Let’s use the opportunity of #GivingTuesday to remember that it is more blessed to give than to receive – be it today or at any other time of the year.
A climate of tension surrounds the Dutch general election, which will be held on Wednesday 15. The Missie Nederland General Secretary, Jan C. Wessels, hopes “the values of the Dutch people, which are partly rooted in the Judeo-Christian tradition, will conquer.”
Netherlands will hold its general election on Wednesday (March 15) in the midst of high social and political tensions.
The growth of populist discourses have helped far-right leader Geert Wilders become the frontrunner according to the opinion polls. Meanwhile, a severe diplomatic conflict with Turkey has exploded just days before the vote.
Last week, the European Evangelical Alliance expressed its concern for the growing “fear, anger and mistrust” in the Netherlands. The representative evangelical body condemned the “irresponsible language that dehumanises particular communities or turn them into scapegoats.”
Christians in other European countries were called to “pray for politicians of hope, courage, peace and integrity to be elected into positions of influence”.
Meanwhile, a manifesto written by theologians Janneke Stegeman and Alain Verheij - and endorsed by many other Christians - said: “Whether the election results swing left or right, the church will always steer its own course. And she will not be afraid to be critical of the government where the gospel would require. In the Bible, the best prophets lived far away from the palace for everyone’s sake”.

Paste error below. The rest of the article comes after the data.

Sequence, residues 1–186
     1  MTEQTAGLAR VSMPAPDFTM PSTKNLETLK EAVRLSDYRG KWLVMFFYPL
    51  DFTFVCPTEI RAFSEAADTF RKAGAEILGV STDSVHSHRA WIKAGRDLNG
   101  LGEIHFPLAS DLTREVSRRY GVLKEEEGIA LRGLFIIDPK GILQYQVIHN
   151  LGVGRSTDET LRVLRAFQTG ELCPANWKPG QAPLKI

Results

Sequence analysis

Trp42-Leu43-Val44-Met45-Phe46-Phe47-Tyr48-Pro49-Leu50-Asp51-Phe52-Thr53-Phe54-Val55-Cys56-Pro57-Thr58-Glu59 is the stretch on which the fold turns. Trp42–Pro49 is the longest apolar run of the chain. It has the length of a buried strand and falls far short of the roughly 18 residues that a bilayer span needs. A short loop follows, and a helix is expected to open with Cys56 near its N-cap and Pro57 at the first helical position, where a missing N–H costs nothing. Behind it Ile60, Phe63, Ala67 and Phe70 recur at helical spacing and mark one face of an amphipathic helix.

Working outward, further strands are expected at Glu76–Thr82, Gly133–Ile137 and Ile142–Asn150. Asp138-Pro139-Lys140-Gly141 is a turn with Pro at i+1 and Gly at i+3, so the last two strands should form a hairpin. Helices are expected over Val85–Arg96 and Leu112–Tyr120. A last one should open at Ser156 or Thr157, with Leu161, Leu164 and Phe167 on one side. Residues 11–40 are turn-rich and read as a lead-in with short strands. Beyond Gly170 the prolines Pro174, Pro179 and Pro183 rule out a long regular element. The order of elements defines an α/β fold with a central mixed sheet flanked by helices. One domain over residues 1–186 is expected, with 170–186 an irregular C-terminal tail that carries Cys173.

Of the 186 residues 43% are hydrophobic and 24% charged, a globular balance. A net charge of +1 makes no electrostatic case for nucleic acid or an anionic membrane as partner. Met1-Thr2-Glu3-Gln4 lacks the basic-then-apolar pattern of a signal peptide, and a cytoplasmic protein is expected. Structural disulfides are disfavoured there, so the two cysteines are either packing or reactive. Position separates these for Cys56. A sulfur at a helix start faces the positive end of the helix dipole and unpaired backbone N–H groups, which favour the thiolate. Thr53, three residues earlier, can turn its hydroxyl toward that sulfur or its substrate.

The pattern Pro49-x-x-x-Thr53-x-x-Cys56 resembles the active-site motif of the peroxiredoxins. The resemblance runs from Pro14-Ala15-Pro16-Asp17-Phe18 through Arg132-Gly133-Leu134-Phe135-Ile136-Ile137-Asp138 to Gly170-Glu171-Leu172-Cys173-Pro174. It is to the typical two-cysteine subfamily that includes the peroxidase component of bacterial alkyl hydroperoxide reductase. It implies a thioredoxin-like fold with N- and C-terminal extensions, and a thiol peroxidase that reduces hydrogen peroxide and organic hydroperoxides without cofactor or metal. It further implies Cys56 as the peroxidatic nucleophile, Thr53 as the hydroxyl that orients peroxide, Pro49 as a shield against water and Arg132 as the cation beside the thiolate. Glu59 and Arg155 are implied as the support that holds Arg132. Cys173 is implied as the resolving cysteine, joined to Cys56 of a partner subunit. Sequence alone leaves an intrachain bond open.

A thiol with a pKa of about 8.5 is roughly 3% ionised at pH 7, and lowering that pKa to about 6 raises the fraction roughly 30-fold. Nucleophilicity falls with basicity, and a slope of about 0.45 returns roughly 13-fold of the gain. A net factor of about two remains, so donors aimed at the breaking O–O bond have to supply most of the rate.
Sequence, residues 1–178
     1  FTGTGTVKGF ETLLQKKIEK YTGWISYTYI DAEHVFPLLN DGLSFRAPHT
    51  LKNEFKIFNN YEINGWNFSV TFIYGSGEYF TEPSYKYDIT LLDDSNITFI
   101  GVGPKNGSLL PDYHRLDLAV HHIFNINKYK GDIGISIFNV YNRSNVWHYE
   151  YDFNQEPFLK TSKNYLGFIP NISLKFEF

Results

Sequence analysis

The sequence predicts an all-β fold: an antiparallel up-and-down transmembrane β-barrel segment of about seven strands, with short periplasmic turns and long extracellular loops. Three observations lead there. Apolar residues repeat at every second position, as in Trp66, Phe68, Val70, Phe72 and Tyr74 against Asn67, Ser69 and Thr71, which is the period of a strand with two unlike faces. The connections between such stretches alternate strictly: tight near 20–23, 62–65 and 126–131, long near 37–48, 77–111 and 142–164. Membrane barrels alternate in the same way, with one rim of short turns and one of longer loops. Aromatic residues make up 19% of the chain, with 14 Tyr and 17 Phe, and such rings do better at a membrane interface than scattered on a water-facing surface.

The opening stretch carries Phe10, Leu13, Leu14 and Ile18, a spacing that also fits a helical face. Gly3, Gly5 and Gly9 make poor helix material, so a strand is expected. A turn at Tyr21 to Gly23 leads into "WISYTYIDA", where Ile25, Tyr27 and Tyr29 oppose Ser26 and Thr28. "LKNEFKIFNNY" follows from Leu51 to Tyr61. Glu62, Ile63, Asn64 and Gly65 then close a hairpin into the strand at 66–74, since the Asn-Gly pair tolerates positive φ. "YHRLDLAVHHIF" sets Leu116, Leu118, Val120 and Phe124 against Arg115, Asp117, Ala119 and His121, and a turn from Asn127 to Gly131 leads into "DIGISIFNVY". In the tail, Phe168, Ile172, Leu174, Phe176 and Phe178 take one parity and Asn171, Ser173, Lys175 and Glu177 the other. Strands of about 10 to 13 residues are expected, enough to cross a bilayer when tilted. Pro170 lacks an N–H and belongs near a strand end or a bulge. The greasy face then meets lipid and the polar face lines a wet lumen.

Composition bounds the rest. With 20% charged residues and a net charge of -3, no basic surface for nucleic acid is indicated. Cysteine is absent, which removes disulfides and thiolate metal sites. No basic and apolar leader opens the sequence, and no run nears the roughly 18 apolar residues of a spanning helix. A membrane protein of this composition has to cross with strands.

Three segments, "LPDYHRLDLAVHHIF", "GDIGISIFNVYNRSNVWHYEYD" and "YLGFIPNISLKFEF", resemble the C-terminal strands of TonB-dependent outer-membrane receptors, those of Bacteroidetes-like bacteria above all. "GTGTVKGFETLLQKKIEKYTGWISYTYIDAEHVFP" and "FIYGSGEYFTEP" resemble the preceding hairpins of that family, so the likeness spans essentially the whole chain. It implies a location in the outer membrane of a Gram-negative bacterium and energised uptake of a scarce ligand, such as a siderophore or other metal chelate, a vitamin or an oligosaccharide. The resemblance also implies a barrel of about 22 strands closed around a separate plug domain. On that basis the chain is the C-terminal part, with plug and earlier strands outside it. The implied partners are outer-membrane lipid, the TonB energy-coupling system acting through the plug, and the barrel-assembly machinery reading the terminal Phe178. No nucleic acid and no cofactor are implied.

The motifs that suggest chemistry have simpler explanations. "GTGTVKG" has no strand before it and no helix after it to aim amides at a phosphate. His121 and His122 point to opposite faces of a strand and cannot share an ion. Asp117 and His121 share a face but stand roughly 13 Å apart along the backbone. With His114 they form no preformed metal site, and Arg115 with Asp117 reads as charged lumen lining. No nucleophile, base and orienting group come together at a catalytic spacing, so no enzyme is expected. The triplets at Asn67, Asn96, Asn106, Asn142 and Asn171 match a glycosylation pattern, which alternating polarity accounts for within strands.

Evangelical Focus contacted Jan C. Wessels, the Secretary General of Missie Nederland (the Evangelical Alliance in the Netherlands). He commented on the pre-election scenario in the following interview.
Question. Polls say Geert Wilders has chances to win the election. His anti-immigration and anti-EU positions are well-known all across Europe. What social context has brought him to be one of the favourites for this election?
Answer. He is one of the frontrunners and as he has not been campaigning because of security issues, so he didn’t get his media moments. He is playing on the sentiment of fear that is not based on facts, the growth of the influence of Islam.
Statistics show that in the last 5 years Islam has increased by 0,5%, that actually equals the growth of evangelicalism in the Netherlands. Our greatest enemy is however atheistic humanism that has increased an 7% in the same time, and is becoming more and more intolerant especially through the D66 party, which wants to eradicate religion from the public square totally.
Q. How are Evangelical Christians talking about the election in the Netherlands? Are there different approaches?
A. Evangelical Christians are just like other Dutch people in that sense. Some would vote for the Christen Unie [A Protestant party], but I know several who also vote for the liberal VVD and/or the more leftish socialist GroenLinks. And of course there are two other Christian parties: the theocratic SGP and the Christian Democrats.
We hope that the Christians in the parliament will have enough votes together that they cannot be left out of the coalition talks. It looks like the CDA is doing quite well in the polls.
Q. Has Missie Nederland or other Christian organisations issued a guide to help people think about their vote? How does Missie Nederlands approach elections?
A. We are not partial. We have not issued a guide of questions to help people think about politics in this context. We are neutral and there are a lot of guides. We would not have the resources to compete with those.
Q. How can Christians in other countries pray for the Netherlands?
A. Pray that the populism will be stopped and will not get into power. For that it is necessary to build more trust in politics in general, and to have time to build trust in society again.
But I believe that the values of the Dutch people, which are partly rooted in the Judeo-Christian tradition, will conquer.